This article highlights how important it is to correctly register your rights over your own property when hiring out equipment on the Personal Properties Security Register (PPSR). Near enough is not good enough and ownership is no longer King under the Personal Properties Securities Act 2009 (Cth) (PPSA). The recent decision of the NSW Supreme Court (OneSteel Manufacturing Pty Ltd v Alleasing Pty Ltd) is a telling example of the catastrophic impact of an imperfect registration on the PPSR.

This decision once again highlights the significant risks associated with incorrect registrations on the PPSR. If you require assistance with the PPSR or wish to know more about protecting your interests as an owner of hired assets, please contact us.

In October 2014, Alleasing Pty Ltd (Alleasing) and OneSteel Manufacturing Pty Ltd (OneSteel) entered into leasing agreement for mining and plant equipment with a total value in excess of $23million. A lease of assets for greater than 12 months or for a non-defined term is now recognised as security interest under the PPSA and is capable of registration on the PPSR. Where perfected by proper registration on the PPSR, as a PMSI, the owner of the hired assets is afforded protection in the form of superior priority amongst a potentially long list of prior registered secured and unsecured creditors if the hirer is placed into administration, bankruptcy or liquidation.

Alleasing, as the owner of the hired assets, registered their security interest on the PPSR over OneSteel’s 11 digit ABN, not the hirer’s 9 digit ACN. In April 2016, OneSteel entered into voluntary administration and the administrators informed Alleasing that their security interests were defective and subsequently ineffective as they were not registered against the ACN of OneSteel.

Section 153 of the PPSA and the Personal Properties Securities Regulations 2010 (Cth) (Regulations) outline that a Financing Statement (PPS registration document) created with respect to a security interest must refer to the ACN where the grantor/hirer is a company. At all material times, OneSteel as hirer, had an ACN and the company was not the trustee of a trust, nor the responsible entity of a registered scheme, etc… Accordingly, the registrations were defective as they had not been made against OneSteel’s ACN.

Under the PPSA, a defective registration will be ineffective where: (1) the defect is seriously misleading or (2) the defect is one of the defects as outlined in section 165 of the PPSA. Specifically, section 165(b) of the PPSA states that a registration is ineffective if a search of the PPSR by reference to the grantor’s details required to be contained in the Finance Statement does not disclose the registration. A search of OneSteel’s ACN on the official PPSR failed to reveal the registrations of Alleasing, thereby rendering the registrations ineffective.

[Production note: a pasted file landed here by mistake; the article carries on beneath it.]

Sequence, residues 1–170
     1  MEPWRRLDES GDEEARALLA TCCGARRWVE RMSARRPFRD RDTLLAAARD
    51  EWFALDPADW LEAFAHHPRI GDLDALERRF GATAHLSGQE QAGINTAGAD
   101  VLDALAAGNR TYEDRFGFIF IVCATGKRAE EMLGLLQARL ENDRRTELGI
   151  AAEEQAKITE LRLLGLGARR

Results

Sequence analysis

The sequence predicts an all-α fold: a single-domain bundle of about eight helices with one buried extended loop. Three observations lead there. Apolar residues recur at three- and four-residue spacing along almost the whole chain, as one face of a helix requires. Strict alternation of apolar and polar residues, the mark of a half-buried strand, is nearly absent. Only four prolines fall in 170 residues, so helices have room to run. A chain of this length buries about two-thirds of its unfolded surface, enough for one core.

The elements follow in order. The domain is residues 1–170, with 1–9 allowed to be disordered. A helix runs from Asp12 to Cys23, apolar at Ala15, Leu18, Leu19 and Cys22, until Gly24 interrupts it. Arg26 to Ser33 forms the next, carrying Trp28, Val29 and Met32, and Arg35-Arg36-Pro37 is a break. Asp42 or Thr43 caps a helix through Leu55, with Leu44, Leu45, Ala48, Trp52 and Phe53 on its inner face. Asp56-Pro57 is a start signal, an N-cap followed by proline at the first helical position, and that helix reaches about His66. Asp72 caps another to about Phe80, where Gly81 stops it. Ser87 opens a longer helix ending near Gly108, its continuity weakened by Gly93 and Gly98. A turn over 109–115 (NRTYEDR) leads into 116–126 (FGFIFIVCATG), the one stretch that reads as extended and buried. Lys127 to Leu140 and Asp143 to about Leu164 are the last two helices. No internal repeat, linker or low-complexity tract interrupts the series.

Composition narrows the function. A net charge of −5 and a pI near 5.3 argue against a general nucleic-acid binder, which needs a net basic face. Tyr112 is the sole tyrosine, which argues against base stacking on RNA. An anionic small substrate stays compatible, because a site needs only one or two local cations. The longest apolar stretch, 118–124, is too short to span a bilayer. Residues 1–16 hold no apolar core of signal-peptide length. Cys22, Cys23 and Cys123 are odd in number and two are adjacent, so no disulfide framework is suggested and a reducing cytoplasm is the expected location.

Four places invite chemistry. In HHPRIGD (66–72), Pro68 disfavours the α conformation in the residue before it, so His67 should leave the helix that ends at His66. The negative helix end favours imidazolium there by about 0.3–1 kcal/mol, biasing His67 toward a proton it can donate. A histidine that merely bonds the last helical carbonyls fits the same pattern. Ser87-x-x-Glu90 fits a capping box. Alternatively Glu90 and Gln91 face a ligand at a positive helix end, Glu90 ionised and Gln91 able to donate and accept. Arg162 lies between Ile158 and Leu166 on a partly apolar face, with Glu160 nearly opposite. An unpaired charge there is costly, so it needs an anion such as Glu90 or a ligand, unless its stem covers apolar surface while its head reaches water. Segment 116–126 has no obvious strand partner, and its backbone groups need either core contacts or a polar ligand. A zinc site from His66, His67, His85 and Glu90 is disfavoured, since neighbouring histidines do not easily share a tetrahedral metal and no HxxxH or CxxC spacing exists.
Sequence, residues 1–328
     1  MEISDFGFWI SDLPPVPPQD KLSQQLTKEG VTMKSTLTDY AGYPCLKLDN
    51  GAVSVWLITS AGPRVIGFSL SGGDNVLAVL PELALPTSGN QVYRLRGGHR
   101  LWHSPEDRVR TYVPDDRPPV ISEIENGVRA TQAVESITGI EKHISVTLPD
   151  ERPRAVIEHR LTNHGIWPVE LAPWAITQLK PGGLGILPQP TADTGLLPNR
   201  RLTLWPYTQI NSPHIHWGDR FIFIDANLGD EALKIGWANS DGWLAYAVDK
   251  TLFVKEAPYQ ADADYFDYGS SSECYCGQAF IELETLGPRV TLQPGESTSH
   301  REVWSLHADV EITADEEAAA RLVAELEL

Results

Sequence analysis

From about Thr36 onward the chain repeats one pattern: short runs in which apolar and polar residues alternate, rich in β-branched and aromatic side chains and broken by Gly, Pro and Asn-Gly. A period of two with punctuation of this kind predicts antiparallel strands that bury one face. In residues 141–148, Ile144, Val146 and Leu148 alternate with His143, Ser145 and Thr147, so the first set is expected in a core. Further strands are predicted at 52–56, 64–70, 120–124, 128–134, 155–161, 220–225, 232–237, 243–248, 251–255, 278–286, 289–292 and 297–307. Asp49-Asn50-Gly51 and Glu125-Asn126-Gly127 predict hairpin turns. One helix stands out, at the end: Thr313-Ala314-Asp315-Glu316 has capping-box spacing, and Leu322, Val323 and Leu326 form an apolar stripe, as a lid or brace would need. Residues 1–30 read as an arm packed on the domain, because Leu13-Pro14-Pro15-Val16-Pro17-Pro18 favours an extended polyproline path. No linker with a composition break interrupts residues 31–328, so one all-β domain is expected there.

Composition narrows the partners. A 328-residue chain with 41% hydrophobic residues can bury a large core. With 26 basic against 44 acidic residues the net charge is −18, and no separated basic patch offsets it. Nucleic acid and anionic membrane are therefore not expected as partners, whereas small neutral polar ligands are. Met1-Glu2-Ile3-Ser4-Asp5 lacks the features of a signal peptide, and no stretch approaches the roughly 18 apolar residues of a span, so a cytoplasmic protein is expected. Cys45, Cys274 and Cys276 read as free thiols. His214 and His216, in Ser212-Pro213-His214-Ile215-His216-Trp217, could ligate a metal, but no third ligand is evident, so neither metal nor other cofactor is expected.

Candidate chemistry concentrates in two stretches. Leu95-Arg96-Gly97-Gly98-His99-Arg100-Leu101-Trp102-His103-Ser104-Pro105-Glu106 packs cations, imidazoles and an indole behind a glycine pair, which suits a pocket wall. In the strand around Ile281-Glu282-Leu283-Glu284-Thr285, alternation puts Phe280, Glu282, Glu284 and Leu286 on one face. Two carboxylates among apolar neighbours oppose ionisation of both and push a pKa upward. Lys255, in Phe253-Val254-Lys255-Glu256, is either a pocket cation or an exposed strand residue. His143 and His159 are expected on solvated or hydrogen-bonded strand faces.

Further, the Court held that the defective registrations were also ineffective by virtue of being ‘seriously misleading’ under section 164(1)(a) of the PPSA as searching the PPSR with OneSteel’s ACN had the potential to mislead a third party searcher into thinking that there was no security interest lodged against the company. Alleasing argued that the registrations were not seriously misleading as the administrators had indeed discovered the registration through searches they conducted. The Court rejected this argument, relying on section 164(2) of the PPSA which declares that it is unnecessary to establish that anyone was in fact misled by the defective registration.

Ultimately, the Court ruled that Alleasing’s interest in the assets vested in OneSteel immediately prior to OneSteel entering voluntary administration, pursuant to section 267 of the PPSA. Despite Alleasing re-registering the interests on the PPSR against OneSteel’s ACN, the Court declared that no extension of time was available to validate the registrations and amendments after the administrators had been appointed.
In essence, the 2 extra digits of an ABN compared to an ACN used in the PPS registration resulted in $23million of assets owned by Alleasing vesting in the Administrator of OneSteel, to be used for the benefit of the creditors of OneSteel, not the original owner, Alleasing.

The decision once again highlights the significant risks associated with incorrect registrations on the PPSR.